NZQT or Kafka?

A now-familiar scene in our House of Representatives:

OPPOSITION MP
Does the Minister agree with the concerns raised by [group] about [issue]?

GOVERNMENT MINISTER
The member’s facts are incorrect.

OPPOSITION MP
Point of order, Mr Speaker. I asked the Minister if they agreed with the concerns of [group]. They did not answer the question.

DAVID CARTER
The Minister addressed the question, although I accept not to the member’s liking. Supplementary?

OPPOSITION MP
Is the Minister concerned about the fact that this issue is being criticised by groups including [group]?

GOVERNMENT MINISTER
I say again to the member that their facts are incorrect.

OPPOSITION MP
Point of order, Mr Speaker. I seek leave to table evidence of [group’s] concerns about [issue].

DAVID CARTER
Is it a publicly available document?

OPPOSITION MP
It’s a media release/report/publication by [group] outlining their concerns.

DAVID CARTER
If it’s publicly available then it cannot be tabled. Question number six?

It’s a quaint thing about our Parliament. You absolutely must not ever under any circumstances call another member a liar. But when Opposition MPs try to question Government Ministers (which is kind of their entire job) about objective, provable facts (like “did X say Y” or “did figure A increase B%”), those Ministers are quite free to say “no you’re wrong” even when there is clear information in the public arena – and the Opposition cannot call them out on it. Because then this happens:

OPPOSITION MP
Point of order, Mr Speaker. The Minister has said [statement] is incorrect. This is simply not true. It’s right here in this document.

DAVID CARTER
Is it a publicly available document?

OPPOSITION MP
Yes, but the Minister just said it wasn’t true! But it’s right here! In black and white!

DAVID CARTER
If it’s publicly available then it cannot be tabled. Question number six?

You can tell when the charade becomes too much for some MPs, because that’s when they get themselves thrown out.

OPPOSITION MP
Point of order, Mr Speaker.

DAVID CARTER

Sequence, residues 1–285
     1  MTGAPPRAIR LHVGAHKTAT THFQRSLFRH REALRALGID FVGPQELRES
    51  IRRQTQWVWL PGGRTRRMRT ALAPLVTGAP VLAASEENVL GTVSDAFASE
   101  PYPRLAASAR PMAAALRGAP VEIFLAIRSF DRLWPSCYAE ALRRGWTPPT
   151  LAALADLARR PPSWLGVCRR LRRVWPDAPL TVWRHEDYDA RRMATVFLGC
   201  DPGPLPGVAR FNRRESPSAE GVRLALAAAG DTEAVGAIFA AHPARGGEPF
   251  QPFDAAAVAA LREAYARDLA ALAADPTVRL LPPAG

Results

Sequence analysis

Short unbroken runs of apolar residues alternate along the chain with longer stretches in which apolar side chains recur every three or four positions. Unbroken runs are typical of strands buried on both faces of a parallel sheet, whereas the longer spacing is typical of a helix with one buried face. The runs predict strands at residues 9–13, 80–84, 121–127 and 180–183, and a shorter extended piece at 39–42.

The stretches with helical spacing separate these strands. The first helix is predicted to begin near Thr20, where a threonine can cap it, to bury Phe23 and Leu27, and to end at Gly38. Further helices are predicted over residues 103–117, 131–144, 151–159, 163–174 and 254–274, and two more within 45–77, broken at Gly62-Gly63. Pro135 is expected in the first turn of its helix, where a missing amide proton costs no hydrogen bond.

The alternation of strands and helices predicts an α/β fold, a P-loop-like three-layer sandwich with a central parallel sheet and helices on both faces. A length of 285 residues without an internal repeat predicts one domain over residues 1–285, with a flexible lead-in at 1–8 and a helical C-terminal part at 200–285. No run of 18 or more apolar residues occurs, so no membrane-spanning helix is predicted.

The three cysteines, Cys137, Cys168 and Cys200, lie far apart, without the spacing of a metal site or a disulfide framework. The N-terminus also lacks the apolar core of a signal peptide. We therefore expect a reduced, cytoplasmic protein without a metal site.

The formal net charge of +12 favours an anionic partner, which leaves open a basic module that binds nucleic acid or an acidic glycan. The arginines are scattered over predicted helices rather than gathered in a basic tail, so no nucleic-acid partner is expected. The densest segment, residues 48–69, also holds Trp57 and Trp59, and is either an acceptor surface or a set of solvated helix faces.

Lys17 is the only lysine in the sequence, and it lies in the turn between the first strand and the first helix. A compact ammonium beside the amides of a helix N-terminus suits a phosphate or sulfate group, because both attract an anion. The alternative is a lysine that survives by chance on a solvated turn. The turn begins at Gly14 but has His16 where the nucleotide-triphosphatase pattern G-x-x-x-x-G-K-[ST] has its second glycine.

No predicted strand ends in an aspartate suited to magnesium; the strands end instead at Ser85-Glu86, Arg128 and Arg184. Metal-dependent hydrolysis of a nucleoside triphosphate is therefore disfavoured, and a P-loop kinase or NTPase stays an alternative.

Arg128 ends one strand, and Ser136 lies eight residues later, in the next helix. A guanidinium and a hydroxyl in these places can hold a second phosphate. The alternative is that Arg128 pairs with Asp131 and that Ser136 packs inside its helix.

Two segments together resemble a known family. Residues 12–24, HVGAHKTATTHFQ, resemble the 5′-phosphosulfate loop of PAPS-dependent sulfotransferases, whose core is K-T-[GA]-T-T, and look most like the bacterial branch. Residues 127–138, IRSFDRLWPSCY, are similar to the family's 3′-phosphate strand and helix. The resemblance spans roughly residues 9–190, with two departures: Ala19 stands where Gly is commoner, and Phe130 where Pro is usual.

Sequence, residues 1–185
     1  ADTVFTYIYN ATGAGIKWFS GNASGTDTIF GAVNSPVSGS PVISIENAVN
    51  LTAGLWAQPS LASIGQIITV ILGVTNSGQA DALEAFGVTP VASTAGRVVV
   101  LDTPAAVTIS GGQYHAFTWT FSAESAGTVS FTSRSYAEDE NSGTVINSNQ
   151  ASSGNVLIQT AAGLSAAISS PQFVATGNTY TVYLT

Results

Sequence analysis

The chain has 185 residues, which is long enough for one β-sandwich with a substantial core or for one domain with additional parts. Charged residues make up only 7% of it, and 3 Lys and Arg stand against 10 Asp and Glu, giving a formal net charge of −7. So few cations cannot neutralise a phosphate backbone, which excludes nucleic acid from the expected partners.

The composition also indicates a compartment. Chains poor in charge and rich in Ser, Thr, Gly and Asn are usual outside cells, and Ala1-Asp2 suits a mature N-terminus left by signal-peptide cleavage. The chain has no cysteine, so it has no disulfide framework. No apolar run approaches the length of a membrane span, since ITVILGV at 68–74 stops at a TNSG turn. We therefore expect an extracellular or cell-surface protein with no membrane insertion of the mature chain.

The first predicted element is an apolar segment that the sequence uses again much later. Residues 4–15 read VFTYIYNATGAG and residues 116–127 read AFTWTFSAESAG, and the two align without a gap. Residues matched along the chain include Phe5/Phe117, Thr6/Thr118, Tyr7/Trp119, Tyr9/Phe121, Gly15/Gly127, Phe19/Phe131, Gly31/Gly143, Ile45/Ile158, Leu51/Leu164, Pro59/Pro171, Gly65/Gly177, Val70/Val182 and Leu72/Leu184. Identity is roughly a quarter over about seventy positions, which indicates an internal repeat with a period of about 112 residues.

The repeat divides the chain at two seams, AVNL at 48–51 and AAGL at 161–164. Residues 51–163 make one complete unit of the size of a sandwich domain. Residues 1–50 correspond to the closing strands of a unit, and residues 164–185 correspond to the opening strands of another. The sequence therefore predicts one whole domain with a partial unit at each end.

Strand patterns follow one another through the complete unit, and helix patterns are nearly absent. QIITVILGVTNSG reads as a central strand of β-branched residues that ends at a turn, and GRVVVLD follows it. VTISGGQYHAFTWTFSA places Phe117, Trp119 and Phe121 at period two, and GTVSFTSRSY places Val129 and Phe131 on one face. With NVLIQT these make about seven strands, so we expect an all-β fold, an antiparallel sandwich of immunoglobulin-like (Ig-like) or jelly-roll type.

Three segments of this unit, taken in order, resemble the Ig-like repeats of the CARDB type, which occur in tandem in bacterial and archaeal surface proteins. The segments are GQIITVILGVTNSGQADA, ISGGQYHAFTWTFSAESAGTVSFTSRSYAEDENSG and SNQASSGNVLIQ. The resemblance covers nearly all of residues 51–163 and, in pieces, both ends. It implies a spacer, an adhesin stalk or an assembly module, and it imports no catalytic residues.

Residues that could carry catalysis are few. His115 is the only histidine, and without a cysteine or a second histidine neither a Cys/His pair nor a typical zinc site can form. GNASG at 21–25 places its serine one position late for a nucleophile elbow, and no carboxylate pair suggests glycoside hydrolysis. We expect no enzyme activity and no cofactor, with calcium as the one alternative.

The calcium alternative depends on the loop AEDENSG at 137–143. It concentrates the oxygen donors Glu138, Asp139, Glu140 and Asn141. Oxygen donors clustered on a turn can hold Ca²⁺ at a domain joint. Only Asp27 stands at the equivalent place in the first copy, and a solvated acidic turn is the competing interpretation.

Is it a new point of order?

OPPOSITION MP
Pretty much. No. I seek clarification on your ruling.

DAVID CARTER 
My ruling was very clear. The Minister addressed the member’s question, though I acknowledge not to the member’s satisfaction.

OPPOSITION MP
Mr Speaker, with respect, I think your ruling threatens to throw the House into disorder. It simply cannot be reconciled that the Minister is telling the truth while calling the member a liar about a statement of fact.

DAVID CARTER
No. The member knows he cannot make that insinuation.

OPPOSITION MP
It’s the exact same bloody insinuation the Minister made by saying my assumptions were incorrect when they bloody well know it’s not because it’s right here in black and white!

DAVID CARTER
The Minister addressed the question, although I acknowledge not to the member’s liking. If the member wishes to challenge the Minister’s answer, that is what further supplementary questions are for, even though the member cannot disprove the Minister’s answer by tabling documents which establish they’re lying because the documents are publicly available and cannot be tabled. Question six?

OPPOSITION MP
Are you fucking kidding me? How the hell is the House meant to keep order when you won’t even let us do our goddamn jobs?

DAVID CARTER
The member will leave the chamber.

OPPOSITION MP
*explodes*

I almost expect one day for David Carter to be exposed as a robot, a la the Roger Goodell-bot depicted in South Park:

John Key’s weird “gotcha” moment on ACC

Andrew Little was pushing the Prime Minister today on the fact that he’s ripping off workers and businesses to the tune of $350 million in ACC levies in order to generate his much-promised, never-delivered budget surplus.

Desperate to throw mud any way he could, Key took this patsy question from Tim MacIndoe:

 

Here’s the release in question.* That’s right, folks: apparently Andrew Little is a hypocrite because in 2009 he said levies were being raised unnecessarily high in order to prop up National’s political agenda, and in 2015 he’s saying levies are being kept unnecessarily high in order to prop up National’s political agenda.

Breathtaking, isn’t it? A real knockout punch, from the OTT reactions of Macindoe and Ross sitting behind him.

But maybe that does sound like hypocrisy to someone like John Key, to whom going back on his previously-held positions is second nature, whether it’s promising to resign over mass surveillance of New Zealanders, promising to apologise to victims of sexual assault, or promising he hasn’t had contact with Cameron Slater.

The surprising thing is what a terribly weak attack line this is. Since Key and his office lost Jason Ede it’s like all the pizzazz has gone out of the dirty politics machine.

*And no, there’s no conspiracy in me posting that link; it’s the top result when you google “andrew little acc levies epmu”, so calm down, Chaos & Mayhem.